Each of these approaches offers a different set of advantages and disadvantages, but they all fall short when it comes to feeding your clones. All three of these approaches to cloning nutrients focus on root propagation (an important task without question) but not the only important task. None of these methods provide any food for your infant plants. 

The Difference Quality Cloning Nutrients Make

While your clones are rooting, and even after they’ve started rooting, what are they feeding on? If they aren’t being fed standard macro and micronutrients, they are likely feeding on those stored within the plant, a common cause of yellowing leaves in clones. 

When I first started out growing, I swore by the Aloe and Honey method. I would dip my cutting in one and then the other, sticking it in a rooter, and within a couple of weeks, I had roots. It was a slow, arduous process, and my results were not consistent, but I was certain that it was organic and free from salts or adulterants that might shock my infant plants. I reached out to FOOP Organic Biosciences about their cloning gel after seeing a friend’s business get some truly impressive results: roots within five days with clones ready to transplant in seven days. This was half of the time it was taking me to clone, and I saw the evidence to back it up. 

The difference between a quality cloning nutrient like FOOP Clone Gel and rooting agents like Clonex is that Clonex has one root catalyst, I3BA, while FOOP includes three rooting propagation agents in addition to a precise macronutrient and micronutrient balance tailored specifically to infant plants. FOOP’s gel includes organic willow water, organic aloe vera, and organic mycorrhizae, in addition to all of the nitrogen, potassium, phosphorous, calcium, magnesium, silica, and micronutrients that your young cuttings need to be at their best. Not only is FOOP Clone Gel delivering the rooting hormones and other rooting agents that promote root growth and development, but it is also providing plant nutrition that no other clone gel provides; it’s like the ultimate baby formula for your infant plant, providing stuff for roots to eat that is beneficial for plant, bacteria to break down small nutrients that are on tip of cutting, and silica to begin building cell walls as microbes establish themselves.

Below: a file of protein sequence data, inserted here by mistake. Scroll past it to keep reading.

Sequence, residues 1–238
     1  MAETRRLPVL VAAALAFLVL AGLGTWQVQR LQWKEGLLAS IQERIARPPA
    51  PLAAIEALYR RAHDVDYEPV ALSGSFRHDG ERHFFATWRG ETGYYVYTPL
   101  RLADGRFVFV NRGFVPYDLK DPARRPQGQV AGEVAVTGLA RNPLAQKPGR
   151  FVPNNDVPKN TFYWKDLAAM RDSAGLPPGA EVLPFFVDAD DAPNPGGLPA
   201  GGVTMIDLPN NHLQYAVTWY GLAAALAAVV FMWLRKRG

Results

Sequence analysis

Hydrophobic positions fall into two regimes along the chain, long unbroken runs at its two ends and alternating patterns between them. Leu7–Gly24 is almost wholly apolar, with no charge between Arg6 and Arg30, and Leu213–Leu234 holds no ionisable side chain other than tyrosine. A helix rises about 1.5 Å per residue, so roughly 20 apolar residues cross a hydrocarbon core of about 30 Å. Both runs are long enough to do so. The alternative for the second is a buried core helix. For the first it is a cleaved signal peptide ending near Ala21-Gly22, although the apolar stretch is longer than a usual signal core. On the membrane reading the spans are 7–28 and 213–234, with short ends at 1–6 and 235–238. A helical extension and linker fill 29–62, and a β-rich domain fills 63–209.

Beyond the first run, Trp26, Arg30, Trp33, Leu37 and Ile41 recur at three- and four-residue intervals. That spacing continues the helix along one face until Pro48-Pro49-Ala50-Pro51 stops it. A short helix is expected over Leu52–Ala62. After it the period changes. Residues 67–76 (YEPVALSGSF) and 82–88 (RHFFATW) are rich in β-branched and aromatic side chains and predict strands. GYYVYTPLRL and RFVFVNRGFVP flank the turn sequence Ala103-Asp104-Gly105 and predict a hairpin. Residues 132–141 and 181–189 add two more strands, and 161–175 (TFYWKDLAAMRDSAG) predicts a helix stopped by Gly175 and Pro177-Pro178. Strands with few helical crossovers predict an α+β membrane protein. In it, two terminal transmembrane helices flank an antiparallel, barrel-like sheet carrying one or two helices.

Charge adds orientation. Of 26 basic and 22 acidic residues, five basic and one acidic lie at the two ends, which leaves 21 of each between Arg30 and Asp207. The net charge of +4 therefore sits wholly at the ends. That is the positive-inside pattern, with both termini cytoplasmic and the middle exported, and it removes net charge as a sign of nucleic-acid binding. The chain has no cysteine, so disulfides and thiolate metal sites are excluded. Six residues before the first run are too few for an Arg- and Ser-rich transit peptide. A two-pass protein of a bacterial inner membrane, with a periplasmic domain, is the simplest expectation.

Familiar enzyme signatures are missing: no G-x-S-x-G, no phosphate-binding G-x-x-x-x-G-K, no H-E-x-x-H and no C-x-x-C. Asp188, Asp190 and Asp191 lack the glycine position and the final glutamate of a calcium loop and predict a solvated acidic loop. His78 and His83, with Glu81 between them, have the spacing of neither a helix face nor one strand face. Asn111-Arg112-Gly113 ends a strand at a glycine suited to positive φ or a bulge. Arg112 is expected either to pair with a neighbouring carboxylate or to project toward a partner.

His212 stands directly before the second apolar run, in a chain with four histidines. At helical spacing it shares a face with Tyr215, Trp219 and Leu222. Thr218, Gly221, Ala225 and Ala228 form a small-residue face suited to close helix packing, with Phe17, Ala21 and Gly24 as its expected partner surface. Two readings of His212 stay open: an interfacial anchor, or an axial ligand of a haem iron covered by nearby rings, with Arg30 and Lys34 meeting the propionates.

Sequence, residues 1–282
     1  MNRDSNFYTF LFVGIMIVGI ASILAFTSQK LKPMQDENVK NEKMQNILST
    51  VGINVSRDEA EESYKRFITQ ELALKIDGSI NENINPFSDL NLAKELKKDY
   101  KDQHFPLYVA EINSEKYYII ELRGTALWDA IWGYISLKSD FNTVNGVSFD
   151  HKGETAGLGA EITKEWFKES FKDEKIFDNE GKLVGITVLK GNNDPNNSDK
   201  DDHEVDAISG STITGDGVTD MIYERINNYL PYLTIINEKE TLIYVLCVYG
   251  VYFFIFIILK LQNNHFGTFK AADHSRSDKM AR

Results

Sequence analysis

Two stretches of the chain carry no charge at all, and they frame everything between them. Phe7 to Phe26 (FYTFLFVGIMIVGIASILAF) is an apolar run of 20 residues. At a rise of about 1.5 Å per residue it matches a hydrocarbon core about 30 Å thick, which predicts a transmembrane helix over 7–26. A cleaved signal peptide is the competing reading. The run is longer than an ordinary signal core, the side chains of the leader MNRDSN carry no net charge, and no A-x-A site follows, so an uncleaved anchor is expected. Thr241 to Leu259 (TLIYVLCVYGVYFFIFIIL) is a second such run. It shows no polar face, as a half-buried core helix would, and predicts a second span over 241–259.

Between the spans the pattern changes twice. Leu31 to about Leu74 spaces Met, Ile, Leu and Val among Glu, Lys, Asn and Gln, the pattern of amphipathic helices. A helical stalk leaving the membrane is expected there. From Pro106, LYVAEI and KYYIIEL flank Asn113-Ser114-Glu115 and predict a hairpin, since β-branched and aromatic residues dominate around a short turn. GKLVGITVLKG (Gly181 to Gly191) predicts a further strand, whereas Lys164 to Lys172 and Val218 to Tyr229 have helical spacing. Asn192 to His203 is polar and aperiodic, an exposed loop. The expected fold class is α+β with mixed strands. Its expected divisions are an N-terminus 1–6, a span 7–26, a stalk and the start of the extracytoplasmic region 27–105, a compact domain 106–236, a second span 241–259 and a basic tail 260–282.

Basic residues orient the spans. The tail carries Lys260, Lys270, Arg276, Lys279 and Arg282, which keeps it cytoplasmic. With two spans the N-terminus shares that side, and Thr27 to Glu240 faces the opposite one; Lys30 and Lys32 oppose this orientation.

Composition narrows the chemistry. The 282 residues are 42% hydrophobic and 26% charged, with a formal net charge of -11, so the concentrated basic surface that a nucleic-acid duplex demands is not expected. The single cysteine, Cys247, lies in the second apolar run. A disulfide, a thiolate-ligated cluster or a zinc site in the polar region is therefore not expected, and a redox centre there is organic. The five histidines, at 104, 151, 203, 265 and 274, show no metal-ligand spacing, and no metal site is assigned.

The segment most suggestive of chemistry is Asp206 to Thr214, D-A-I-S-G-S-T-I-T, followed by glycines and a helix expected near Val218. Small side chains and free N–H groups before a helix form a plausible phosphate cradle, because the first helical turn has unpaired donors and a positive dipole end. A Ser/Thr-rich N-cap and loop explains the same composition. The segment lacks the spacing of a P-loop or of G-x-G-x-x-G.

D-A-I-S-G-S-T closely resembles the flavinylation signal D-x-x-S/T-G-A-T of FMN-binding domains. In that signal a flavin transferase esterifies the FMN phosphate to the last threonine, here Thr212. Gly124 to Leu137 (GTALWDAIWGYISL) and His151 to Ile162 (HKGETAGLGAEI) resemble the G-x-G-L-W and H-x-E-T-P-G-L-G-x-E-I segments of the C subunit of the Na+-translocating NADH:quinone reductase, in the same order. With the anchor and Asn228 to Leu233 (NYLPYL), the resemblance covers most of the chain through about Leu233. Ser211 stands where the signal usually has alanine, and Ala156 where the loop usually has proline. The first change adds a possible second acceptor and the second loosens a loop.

As someone who had only enjoyed mild success with cloning, I was thrilled to find a product designed with the whole plant in mind that could help boost my results. Whatever your cloning method, make sure that your efforts are sterile, and your solution is actively rooting your plants as well as feeding them to avoid yellowing and minimize transplant shock. If you’re considering improving your cloning process, consider a true cloning nutrient instead of a mere rooting agent that not only helps roots grow, but also feeds the entire plant even in its infancy.

Read the next article:
What is Mycorrhiza and Why is it Important to Developing Healthy Roots?